The video starts out with some melancholy piano music, the kind Sarah McLachlan might play on a rainy afternoon after her hamster died.
Up flash images of the Queen of New Westminster, along with a written message about the ferry approaching its 53rd birthday.
Then comes the jarring noise of what sounds like a flatulent bagpiper murdering a duck.
Well, no, to the untrained ear, the blast of the ship’s whistle sounds just fine — until it is compared with what comes next: the same combinations of horns as they are supposed to be heard, in tune. Then the video displays another written message, a plea: “B.C. Ferries, for all us ferry lovers, will you do us a favour and tune the airchimes?” (Go to the bottom of the article to watch the video.)
Vancouver Island high school student Brandon Siska posted the video on his @yyjspotting Twitter account after riding the New Westminster from Tsawwassen to Swartz Bay this month.
Siska thought that would be the end of it, that the vessel would continue to blare balefully while transiting Active Pass, but that at least he and his fellow ferryspotters would have had the satisfaction of doing some bleating of their own, in harmony.
But then the unexpected happened: B.C. Ferries fixed the problem. It turns out a pipe leading to one of the three horns comprising the ship’s whistle was cracked, so they uncracked it (or something like that).
The New Westminster sings like a (really loud) angel again. Which brings three things to mind:
A) It’s pretty good customer service when a skookum outfit like B.C. Ferries gets spurred into action by a teenager.
B) We have ferryspotters? Yes, we do. Like British trainspotters, they chat happily on online forums, tracking the ships and burrowing into the minutiae of those big, complicated people-movers that most of us rely on without ever pausing to ponder how they actually work. “It’s cool to see all the moving parts,” explains Siska (though he says he’s more of an aviation buff than a ferry fan).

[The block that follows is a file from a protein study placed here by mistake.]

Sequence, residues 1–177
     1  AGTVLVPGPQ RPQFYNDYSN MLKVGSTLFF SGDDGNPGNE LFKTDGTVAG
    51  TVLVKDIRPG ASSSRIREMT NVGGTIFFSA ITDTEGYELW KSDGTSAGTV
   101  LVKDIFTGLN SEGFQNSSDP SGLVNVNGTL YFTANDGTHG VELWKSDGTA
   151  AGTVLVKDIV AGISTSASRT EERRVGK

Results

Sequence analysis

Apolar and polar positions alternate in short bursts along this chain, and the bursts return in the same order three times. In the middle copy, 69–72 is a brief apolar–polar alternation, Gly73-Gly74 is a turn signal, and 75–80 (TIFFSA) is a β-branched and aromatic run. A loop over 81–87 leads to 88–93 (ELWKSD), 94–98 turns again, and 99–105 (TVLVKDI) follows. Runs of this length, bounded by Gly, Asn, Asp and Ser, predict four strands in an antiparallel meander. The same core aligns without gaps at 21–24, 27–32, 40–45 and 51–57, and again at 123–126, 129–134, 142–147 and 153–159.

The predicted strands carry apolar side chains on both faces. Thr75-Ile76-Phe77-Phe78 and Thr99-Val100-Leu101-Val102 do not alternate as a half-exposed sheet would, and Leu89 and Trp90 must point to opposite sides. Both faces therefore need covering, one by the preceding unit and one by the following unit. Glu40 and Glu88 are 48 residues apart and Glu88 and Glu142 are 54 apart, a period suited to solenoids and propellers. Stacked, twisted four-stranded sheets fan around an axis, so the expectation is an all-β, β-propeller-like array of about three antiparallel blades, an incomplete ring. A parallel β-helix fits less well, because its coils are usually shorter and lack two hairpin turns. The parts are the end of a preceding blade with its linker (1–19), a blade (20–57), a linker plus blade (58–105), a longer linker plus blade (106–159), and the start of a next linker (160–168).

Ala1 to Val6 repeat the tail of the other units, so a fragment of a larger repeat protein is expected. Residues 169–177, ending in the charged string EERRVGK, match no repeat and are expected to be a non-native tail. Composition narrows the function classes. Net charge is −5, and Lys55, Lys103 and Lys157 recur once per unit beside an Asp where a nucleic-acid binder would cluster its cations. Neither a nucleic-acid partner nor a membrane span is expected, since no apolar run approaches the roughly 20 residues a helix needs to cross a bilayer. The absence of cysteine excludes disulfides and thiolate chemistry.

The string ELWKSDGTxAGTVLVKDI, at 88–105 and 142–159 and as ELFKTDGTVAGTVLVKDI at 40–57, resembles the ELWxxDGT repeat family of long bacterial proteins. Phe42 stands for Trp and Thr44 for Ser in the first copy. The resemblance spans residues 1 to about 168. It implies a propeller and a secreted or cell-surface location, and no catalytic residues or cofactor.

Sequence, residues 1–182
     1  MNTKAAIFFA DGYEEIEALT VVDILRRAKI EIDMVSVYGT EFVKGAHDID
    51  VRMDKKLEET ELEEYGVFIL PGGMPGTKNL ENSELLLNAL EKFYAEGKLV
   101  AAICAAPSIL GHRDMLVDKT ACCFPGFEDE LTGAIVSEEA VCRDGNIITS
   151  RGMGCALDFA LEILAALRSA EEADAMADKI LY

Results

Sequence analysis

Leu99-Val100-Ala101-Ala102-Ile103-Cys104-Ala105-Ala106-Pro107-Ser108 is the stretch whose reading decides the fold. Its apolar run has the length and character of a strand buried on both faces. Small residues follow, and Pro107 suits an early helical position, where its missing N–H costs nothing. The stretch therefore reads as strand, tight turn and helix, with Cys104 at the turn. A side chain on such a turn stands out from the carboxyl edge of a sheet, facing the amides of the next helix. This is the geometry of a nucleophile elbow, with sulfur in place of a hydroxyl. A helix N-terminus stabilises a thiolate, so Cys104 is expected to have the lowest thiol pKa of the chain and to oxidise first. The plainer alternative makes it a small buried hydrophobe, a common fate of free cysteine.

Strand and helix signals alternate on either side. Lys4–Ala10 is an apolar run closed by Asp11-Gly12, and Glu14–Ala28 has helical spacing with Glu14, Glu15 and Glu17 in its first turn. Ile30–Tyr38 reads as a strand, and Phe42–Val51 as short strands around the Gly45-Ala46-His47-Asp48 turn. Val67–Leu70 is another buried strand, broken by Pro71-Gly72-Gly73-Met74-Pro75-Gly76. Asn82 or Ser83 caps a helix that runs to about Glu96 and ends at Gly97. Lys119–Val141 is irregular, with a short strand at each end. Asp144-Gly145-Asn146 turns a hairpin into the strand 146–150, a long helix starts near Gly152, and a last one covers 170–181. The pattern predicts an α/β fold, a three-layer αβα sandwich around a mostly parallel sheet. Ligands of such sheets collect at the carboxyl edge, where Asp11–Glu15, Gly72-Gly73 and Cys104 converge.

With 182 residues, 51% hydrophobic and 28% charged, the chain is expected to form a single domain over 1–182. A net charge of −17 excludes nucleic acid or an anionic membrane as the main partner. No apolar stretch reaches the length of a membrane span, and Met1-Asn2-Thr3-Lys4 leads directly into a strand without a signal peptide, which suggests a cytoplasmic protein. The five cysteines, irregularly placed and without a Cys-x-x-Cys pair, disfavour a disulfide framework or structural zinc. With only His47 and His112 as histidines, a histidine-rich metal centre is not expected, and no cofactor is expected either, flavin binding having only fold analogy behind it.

You have to love the diversity of passions that capture people’s interest.
C) Who knew that one of the most passionate hornblowers of all came from right here on Vancouver Island?
The three-tone apparatus on the Queen of New Westminster was devised by inventor Robert Swanson, a man whose cleverness was detailed in Victoria author Tom Hawthorn’s 2017 book The Year Canadians Lost Their Minds and Found Their Country, which looks back at the centennial year of 1967.
Swanson, Hawthorn wrote, went from repairing steam donkeys at Nanaimo’s Jingle Pot coal mine at age 14, to developing a fail-safe air-braking system for logging trucks, to devising a hexatone air horn assembly for diesel locomotives that became the industry standard. (Coached by Robert Service, he was also a published author.)
It was Swanson who figured out how to make the locomotive horn on the Centennial Train play the beginning of O Canada as it crossed the country.
“He modified the mandatory crossing warning of two longs, a short and a long to sound like the opening notes of the national anthem,” Hawthorn wrote. “He changed the first blast from an E flat minor to a major and added two aluminum horns to provide bass octaves.”
Vancouverites still hear the first four notes of O Canada blasting out at 115 decibels from another of his centennial projects, a 10-horn effort at Canada Place, each day at noon.
Back in the day, almost the entire B.C. Ferries fleet was outfitted with AirChimes horns made by Swanson, who worked from a rural Nanaimo “whistle farm” where he could test and tune his products without annoying the neighbours.
It was premier W.A.C. Bennett who got Swanson to design the horns for the ferry fleet. “It’s a very carefully tuned major chord, and the premier at the time seemed to like that kind of a chord and I tried to please him and give him what he wanted,” Swanson said in a 1988 interview with Global News.
“Major is an exhilarating sound and minor is sad — a going away sort of sound. A major chord is marching and he was that kind of a fellow, he bobbed up and down when he walked.”
Swanson was still working when he died in 1994 at age 89.